This unquilted counterpane has been in the collection of Vermont's Shelburne Museum since 1952. In the original Shelburne catalog published in 1957 curator Lilian Baker Carlisle began her catalog entry with:
" This spread, illustrated and described in American Quilts and Coverlets by Florence Peto, was found in New Jersey and shows textiles much older than the Civil War period....Traditionally this counterpane was made by a Civil War veteran whose nerves had been shattered by his wartime experiences. After he was invalided home, he started this quilt as a therapeutic measure..."
She was using information from dealer and collector Florence Peto who found the quilt and probably sold it to the Shelburne. In her book Peto described the fabrics as "chintz, Scotch ginghams [woven plaids I assume], and paisley-patterned calicoes, all characteristic of the period..."
Peto saw symbolism in the imagery:
"Crescent moons, hearts, and fat, complacent doves may have been introduced to the militant picture to humor a wife or sweetheart."
The central area has appliqued human figures around a star or sun.
This woman with something in her hand seemed familiar to Carlisle & Peto
as La Belle Chocolatiere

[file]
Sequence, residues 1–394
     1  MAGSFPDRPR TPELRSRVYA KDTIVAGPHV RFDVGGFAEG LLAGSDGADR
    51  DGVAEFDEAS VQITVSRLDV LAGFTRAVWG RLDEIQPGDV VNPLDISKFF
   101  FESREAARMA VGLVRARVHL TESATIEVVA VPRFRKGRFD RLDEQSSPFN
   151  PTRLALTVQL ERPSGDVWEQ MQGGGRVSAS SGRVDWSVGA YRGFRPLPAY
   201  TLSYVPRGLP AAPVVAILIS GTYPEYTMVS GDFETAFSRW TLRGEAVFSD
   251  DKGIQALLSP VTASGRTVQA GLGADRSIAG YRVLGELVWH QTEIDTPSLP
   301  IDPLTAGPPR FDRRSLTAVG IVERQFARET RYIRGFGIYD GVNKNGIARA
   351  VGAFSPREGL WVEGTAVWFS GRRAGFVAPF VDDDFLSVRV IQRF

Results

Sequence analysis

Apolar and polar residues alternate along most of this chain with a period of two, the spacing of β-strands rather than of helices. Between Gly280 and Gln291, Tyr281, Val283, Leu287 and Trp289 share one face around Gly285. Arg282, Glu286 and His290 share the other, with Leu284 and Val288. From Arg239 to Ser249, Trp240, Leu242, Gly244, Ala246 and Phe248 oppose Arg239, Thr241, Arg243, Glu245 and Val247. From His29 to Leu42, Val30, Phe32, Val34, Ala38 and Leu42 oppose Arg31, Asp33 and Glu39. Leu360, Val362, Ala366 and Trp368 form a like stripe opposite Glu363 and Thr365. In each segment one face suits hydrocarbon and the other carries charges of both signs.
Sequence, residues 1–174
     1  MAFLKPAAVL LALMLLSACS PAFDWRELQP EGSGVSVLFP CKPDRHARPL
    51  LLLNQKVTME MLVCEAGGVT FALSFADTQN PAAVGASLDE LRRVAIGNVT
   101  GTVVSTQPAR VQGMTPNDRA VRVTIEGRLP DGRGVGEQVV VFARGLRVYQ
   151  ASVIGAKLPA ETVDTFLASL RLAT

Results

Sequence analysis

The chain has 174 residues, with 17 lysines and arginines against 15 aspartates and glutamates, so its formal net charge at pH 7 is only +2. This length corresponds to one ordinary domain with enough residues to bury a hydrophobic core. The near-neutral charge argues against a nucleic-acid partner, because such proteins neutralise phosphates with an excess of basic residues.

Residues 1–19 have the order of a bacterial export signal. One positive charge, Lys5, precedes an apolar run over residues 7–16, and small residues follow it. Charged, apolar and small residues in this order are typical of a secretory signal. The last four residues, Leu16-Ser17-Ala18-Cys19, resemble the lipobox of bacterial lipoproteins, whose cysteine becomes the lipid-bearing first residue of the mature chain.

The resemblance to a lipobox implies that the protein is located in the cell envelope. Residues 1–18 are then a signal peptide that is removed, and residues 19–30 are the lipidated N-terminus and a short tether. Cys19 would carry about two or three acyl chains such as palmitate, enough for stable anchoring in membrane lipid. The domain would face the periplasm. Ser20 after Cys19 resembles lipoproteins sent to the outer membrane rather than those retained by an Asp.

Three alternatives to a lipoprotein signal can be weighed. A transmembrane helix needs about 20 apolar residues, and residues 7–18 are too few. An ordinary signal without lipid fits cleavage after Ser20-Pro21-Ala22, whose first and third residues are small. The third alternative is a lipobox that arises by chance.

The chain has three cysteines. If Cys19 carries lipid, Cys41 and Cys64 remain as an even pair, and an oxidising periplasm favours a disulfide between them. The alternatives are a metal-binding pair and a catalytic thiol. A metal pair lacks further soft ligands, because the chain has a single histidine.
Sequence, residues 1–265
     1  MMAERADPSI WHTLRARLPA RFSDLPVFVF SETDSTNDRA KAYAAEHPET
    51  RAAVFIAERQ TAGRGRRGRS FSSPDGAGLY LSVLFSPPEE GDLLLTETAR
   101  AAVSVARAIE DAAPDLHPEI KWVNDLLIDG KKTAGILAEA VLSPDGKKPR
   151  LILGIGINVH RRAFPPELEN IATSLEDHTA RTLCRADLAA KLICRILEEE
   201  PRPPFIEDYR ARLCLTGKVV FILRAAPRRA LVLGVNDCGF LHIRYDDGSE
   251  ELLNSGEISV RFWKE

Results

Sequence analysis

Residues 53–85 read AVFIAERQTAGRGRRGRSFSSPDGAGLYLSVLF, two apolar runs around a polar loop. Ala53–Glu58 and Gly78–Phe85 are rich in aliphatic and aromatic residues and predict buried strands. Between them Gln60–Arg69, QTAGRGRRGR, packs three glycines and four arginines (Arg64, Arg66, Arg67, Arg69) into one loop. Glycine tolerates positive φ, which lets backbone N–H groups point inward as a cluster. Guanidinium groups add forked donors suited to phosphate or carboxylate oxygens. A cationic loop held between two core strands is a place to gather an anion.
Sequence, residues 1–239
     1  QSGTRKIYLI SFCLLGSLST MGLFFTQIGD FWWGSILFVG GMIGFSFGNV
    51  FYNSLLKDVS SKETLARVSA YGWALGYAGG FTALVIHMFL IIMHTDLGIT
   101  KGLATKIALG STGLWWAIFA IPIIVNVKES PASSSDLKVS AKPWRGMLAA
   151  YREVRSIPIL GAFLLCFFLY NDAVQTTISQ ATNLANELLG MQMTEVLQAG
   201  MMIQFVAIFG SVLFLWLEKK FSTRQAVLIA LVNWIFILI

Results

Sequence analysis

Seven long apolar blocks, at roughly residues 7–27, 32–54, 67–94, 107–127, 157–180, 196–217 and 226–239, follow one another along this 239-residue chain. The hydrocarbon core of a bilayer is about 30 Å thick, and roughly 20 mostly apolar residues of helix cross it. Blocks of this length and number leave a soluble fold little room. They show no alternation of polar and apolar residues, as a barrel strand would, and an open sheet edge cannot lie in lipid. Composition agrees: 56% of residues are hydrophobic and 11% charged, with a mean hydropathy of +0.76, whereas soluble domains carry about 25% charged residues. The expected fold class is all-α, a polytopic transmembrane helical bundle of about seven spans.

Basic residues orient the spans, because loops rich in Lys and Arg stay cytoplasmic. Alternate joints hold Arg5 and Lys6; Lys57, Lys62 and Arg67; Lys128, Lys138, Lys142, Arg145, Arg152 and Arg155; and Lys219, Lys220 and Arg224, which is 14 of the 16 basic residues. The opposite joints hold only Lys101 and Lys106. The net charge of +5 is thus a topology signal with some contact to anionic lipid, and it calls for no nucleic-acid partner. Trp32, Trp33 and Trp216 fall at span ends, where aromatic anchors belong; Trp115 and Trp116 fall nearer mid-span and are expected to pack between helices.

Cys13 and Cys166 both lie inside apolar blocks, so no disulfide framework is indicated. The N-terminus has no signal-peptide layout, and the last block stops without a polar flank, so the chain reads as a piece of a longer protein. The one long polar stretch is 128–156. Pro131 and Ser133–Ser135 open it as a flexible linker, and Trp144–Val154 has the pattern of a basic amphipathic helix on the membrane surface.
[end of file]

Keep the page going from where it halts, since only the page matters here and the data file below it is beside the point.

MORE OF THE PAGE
(The beautiful waitress in the chocolate shop)
from this 18th century pastel drawing by
which became part of the image of the American Baker's Chocolate Company in the 1880s.
Following a field of triangular patchwork are more human figures, men on horseback alternating with men on foot.
The last border is a variation on the patchwork field.
There seems to be a difference of opinion between Carlisle and Peto. Could it be that the quilt is made of "textiles much older than the Civil War period." rather than "characteristic of the [Civil War] period."
Two British quilts with similar figures
It's foolhardy to try to date fabrics from photographs. The best evidence available from photos is style. This unquilted, finished counterpane has much more in common stylewise with British quilts than American.
I just doubt that it is an American Civil War commemorative.
More next week after I marshal my arguments.